Thursday, July 11, 2013

Zimmerman Trial Thoughts

Watching the reactions and whatnot of the Zimmerman trial has brought one interesting conclusion... Normal people have no idea as to what violence is. They don't experience it, they haven't been confronted by it, and they have not a clue what it is to be on the receiving end of a beating that will only stop when the aggressor wants it to.

Violence is romanticized in movies, boxing, martial arts, and in life in general. If you are not used to violence, you really don't know what it is or what it feels like. Couple this with the fact that fighting, like sex, everyone assumes that they are good at it. They don't know what it feels like to have someone punch them in the face with bad intentions.

What's more, normal people don't know the feeling of helplessness that comes when you realize that this person can do whatever they want to you, and there is no way for you to stop it. This feeling ignites a primal fear deep within a person, it leads to panic. If the aggressor knows how to deal with a panicking opponent, and can remain in a dominant position, it leads the opponent into a very dark despair. They give up.

In Brazilian Jiu-Jitsu, one of the big lessons beginners learn is how to control the feeling of helplessness, the panic, and the despair when nothing you try works. They are taught to overcome these feelings, and work for better position, until they realize where the aggressor's balance points are, and can attack these points intelligently. BUT, in those days, months, and years that the beginner is learning, the fear is very very real, and many people leave the gym because they can't deal with it.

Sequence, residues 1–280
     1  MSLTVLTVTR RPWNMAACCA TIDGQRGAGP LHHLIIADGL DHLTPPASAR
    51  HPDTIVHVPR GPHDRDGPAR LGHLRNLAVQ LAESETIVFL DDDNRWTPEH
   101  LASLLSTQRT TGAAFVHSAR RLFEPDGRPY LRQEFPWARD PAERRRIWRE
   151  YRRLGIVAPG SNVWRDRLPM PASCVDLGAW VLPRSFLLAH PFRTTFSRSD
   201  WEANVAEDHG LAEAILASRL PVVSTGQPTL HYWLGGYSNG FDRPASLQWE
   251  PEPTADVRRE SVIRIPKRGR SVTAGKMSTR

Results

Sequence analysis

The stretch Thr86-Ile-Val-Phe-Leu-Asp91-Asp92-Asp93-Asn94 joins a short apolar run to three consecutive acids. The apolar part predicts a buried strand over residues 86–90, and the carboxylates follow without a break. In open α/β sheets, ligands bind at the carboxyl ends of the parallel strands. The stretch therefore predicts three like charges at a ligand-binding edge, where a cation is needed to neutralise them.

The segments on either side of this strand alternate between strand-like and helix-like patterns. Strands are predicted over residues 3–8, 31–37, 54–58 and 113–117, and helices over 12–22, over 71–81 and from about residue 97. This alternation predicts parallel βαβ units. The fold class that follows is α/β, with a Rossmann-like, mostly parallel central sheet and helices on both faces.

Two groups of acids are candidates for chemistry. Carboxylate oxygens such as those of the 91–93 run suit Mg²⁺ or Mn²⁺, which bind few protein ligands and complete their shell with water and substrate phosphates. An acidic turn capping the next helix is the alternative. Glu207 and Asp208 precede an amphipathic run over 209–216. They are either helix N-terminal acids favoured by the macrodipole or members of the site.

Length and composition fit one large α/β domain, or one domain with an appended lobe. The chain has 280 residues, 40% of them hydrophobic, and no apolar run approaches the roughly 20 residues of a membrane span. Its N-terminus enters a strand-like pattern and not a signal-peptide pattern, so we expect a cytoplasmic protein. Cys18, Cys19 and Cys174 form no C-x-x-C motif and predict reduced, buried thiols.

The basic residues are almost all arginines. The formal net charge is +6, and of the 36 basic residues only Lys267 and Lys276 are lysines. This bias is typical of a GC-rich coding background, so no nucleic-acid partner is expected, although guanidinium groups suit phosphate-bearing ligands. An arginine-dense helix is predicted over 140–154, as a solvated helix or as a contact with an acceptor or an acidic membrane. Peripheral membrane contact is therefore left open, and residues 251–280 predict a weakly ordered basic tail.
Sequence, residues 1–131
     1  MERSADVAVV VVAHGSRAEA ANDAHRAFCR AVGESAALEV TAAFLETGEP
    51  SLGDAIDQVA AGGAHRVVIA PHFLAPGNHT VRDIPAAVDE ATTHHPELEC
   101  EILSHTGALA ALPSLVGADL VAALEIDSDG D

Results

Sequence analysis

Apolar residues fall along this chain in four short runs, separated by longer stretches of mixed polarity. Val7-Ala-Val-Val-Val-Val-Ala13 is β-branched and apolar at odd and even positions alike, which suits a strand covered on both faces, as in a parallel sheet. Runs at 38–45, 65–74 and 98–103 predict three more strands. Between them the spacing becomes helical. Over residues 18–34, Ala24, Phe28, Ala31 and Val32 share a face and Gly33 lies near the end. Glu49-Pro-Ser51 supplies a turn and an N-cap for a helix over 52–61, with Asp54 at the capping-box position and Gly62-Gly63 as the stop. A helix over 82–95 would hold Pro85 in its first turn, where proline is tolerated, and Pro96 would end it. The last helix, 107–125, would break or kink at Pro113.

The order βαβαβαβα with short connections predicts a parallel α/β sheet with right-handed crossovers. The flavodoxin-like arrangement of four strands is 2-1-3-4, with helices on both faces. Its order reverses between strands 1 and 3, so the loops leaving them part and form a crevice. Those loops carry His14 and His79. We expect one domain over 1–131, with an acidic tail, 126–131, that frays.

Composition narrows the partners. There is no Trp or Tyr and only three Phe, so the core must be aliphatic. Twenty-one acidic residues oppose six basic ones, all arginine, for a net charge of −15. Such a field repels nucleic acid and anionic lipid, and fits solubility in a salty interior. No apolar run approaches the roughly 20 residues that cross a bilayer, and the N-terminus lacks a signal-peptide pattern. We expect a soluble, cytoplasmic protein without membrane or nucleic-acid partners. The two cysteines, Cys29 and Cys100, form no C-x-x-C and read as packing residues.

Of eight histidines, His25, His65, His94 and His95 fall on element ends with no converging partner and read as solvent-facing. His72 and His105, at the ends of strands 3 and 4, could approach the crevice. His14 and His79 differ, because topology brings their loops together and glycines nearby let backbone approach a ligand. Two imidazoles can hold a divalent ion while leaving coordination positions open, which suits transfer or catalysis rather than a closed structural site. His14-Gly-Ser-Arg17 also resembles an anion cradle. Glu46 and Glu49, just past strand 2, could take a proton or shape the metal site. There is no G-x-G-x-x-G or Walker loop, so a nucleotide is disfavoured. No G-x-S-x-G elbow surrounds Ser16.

George Zimmerman was mounted. He had an aggressive opponent pounding on his face, and slamming his head in to the pavement. Zimmerman could do nothing to stop the action. I have had people I have had in bad position actually believe that I was going to do them real harm. In the gym. In a controlled environment. Martin and Zimmerman were on the street. I have no doubt that Zimmerman felt in fear for his life or grave bodily injury. I guarantee he felt that way.

I know this because I have been there. Pinned underneath a strong, skilled opponent, and having no ability to escape. I have felt the despair. I remember, vividly, of my first BJJ instructor, Ed, mounted on top of me slapping my face. I reached the point where I just lie there letting it happen. I told him to get off of me. Ed, wanting to teach me a lesson, said: "Fuck you. Make me. I'm gonna slap you like my bitch until you do something. I got all night."
Ed taught me that you always must control your feelings, you always must be looking for a place to attack the balance to escape. Zimmerman did not know this. He felt that he was in his last moments of life. So he pulled his gun and fired.

Those of us who know violence know that it is not pretty. It isn't cool. You don't take punch after punch and walk away smiling. We know of the dead spots in vision that occur, the headaches, the broken bones and bruising. But worst of all we know what it feels like to be in that position where there is no hope of escape.

Zimmerman should have never been in that situation that night. He was a wannabe, with no concept of violence, a couple of MMA classes under his belt, and a gun on his hip. A 6 year old could have taken him. He should have just called in the suspicious person and let it be. He didn't.

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